One of the exciting aspects of reading the entries for this year’s Nakata Brophy Prize for Young Indigenous Writers was the breadth of writing, the range of voices, subjects and styles, which is reflected in this year’s winners.
The winning story, Allanah Hunt’s ‘Running to home’, is a tense, beautifully written realist story of Aboriginal boys swimming in the Murray River on a hot day. But it builds to the all-pervasive fear of the taking of children. The boys might escape being stolen from their families one day but what about the next, and the day after that?
Runner-up ‘The last prime minister’, by John Morrissey, is a sharp satire on the corrupt stasis of the current political settlement, a state of affairs so toxic that there is nothing the last prime minister, the first Indigenous prime minister, can do except walk away (the Indigenous Affairs portfolio has of course gone to a white woman from the North Shore). The insidious and persistent racism faced by characters such as Amos Murray, the PM of the story, is wittily portrayed: the only appraisal Murray ever receives is that he is ‘articulate’. There’s an edge of Melville’s ‘Bartleby the Scrivener’ in this tale, with Murray’s first response to the demands of office: ‘I’d just rather not.’ This story is a welcome entry into the increasingly significant sphere of Indigenous Futurisms, a cutting-edge genre growing in importance, as people the world over write their own versions of possible futures.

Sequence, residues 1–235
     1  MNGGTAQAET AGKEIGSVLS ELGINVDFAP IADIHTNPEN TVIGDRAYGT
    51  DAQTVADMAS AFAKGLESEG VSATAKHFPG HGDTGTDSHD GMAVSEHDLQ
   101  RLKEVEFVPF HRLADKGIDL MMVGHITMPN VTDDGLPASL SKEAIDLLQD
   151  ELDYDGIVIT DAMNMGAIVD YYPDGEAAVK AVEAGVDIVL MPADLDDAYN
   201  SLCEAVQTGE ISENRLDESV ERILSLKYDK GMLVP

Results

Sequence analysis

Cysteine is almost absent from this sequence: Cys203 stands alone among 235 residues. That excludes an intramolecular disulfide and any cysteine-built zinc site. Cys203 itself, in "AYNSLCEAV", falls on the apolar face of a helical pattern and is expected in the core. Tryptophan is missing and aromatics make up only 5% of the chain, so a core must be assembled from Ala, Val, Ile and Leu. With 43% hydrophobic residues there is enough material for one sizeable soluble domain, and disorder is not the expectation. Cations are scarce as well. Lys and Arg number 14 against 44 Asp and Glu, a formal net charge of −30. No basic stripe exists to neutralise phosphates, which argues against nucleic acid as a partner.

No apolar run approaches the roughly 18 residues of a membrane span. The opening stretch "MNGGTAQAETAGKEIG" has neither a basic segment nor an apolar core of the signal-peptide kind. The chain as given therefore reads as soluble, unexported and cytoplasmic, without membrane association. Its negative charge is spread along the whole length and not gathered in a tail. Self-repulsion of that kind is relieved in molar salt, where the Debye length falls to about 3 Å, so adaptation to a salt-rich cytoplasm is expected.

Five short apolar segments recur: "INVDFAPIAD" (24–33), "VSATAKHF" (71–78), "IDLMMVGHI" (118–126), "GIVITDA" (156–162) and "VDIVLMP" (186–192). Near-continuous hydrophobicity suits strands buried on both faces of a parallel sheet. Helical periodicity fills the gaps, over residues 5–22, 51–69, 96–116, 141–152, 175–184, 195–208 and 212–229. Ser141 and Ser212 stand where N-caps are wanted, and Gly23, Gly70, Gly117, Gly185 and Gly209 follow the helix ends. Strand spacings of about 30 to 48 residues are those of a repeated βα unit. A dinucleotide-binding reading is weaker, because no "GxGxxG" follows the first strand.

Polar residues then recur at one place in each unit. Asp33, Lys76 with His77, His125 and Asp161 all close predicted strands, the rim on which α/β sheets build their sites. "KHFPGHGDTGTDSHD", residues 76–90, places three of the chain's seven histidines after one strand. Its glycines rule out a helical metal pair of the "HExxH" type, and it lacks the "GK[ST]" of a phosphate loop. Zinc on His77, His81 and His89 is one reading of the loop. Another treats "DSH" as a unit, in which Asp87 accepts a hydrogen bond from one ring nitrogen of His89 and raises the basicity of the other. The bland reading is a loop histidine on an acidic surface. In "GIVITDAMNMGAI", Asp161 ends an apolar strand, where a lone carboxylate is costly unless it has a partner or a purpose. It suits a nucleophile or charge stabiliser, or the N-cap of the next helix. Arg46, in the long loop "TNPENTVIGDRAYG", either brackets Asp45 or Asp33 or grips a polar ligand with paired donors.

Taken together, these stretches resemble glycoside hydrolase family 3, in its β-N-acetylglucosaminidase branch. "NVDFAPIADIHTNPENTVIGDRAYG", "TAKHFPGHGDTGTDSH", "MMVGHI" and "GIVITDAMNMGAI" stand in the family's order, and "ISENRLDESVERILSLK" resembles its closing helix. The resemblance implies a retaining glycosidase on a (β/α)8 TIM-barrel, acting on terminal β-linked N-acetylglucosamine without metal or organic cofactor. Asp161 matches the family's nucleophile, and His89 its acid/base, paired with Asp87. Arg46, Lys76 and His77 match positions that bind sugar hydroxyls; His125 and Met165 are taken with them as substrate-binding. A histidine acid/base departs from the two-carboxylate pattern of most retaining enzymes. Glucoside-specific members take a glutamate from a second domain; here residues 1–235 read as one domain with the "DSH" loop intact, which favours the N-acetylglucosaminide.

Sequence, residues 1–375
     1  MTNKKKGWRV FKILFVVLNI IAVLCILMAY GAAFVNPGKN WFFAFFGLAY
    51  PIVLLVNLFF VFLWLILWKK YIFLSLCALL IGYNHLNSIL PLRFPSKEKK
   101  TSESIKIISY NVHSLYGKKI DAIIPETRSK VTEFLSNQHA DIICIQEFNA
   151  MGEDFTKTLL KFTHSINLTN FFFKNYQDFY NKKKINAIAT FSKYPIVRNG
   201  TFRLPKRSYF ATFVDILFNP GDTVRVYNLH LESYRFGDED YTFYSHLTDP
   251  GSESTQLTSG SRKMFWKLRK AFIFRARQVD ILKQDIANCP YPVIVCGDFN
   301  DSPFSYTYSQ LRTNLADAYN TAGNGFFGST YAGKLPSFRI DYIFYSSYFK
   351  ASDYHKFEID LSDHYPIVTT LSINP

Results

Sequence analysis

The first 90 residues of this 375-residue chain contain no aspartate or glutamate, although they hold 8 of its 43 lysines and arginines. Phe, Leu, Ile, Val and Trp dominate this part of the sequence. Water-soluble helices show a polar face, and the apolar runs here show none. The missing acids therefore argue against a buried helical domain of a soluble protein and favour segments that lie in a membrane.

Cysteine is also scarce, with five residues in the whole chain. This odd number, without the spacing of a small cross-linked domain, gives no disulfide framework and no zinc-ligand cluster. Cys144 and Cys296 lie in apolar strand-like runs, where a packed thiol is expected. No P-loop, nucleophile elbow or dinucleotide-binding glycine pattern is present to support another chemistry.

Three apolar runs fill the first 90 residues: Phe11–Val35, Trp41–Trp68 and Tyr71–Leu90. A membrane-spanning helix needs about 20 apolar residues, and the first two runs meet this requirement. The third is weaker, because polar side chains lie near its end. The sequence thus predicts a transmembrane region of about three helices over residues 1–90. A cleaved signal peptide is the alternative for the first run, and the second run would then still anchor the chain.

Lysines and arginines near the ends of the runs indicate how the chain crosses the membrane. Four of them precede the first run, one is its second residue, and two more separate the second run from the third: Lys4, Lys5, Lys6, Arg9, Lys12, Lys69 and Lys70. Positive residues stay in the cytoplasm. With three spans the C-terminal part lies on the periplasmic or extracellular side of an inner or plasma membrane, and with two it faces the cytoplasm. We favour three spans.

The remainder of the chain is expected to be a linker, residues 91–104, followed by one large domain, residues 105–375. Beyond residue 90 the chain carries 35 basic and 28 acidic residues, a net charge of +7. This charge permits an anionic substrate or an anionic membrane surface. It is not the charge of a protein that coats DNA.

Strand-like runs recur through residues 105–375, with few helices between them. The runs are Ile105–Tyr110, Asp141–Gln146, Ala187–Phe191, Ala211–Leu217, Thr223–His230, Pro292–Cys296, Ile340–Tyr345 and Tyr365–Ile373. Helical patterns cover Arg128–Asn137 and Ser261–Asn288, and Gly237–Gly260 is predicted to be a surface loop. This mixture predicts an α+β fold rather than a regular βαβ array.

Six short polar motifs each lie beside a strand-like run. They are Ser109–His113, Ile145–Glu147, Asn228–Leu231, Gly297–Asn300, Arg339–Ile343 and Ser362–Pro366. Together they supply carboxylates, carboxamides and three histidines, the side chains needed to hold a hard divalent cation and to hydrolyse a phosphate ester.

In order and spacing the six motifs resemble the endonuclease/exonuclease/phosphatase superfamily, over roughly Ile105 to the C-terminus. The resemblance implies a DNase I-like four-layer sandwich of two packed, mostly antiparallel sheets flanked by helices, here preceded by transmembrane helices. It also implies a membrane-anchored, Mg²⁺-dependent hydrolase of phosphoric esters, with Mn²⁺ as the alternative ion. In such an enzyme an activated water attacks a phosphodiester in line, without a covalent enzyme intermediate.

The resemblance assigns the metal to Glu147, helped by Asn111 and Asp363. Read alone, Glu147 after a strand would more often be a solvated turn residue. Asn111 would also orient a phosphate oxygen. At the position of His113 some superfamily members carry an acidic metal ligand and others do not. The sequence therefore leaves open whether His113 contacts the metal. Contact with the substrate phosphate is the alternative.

Jasmin McGaughey’s ‘Paul on the Beenleigh Train’, the other runner-up this year, is a melancholy mood piece that builds to a moving twist on the reality of Paul’s existence and why he observes others in the way that he does. It’s a story that uses realism to encompass worlds: ‘Paul believed in weird things. He believed in a world where the dead roamed the streets in their misty forms.’
We hope you enjoy reading these stories, all of which are available at overland.org.au, as much as we did.
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